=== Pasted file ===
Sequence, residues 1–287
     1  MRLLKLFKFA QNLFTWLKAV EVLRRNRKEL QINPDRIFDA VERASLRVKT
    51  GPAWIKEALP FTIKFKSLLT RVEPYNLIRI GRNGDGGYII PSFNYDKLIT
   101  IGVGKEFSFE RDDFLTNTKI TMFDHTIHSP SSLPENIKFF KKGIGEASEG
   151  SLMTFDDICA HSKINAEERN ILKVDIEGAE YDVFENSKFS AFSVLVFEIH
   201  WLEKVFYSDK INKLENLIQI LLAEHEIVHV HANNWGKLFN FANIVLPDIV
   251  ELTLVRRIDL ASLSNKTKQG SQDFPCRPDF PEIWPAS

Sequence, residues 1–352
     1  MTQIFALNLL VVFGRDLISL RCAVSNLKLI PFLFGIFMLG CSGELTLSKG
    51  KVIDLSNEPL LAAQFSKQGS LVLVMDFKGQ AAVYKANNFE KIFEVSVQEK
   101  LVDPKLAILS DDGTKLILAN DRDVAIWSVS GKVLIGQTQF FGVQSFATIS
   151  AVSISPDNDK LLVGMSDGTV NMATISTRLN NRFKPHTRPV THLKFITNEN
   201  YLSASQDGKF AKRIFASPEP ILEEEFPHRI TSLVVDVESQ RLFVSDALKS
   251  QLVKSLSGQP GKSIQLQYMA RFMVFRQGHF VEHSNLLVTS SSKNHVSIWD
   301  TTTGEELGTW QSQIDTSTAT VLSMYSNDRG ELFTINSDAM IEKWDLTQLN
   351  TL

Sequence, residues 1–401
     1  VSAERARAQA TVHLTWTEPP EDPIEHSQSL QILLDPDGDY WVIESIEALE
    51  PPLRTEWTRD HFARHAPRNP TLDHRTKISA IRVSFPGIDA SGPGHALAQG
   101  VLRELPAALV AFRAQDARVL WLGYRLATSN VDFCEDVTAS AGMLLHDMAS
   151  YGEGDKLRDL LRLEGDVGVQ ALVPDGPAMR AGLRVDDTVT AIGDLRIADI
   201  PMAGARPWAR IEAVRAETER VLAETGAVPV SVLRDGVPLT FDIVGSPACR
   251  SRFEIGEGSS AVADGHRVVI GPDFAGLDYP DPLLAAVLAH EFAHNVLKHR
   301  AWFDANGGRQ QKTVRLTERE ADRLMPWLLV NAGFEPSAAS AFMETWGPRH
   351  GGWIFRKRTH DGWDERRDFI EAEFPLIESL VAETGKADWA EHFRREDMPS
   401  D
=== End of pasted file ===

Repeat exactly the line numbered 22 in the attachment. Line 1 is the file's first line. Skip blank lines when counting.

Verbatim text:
   201  PMAGARPWAR IEAVRAETER VLAETGAVPV SVLRDGVPLT FDIVGSPACR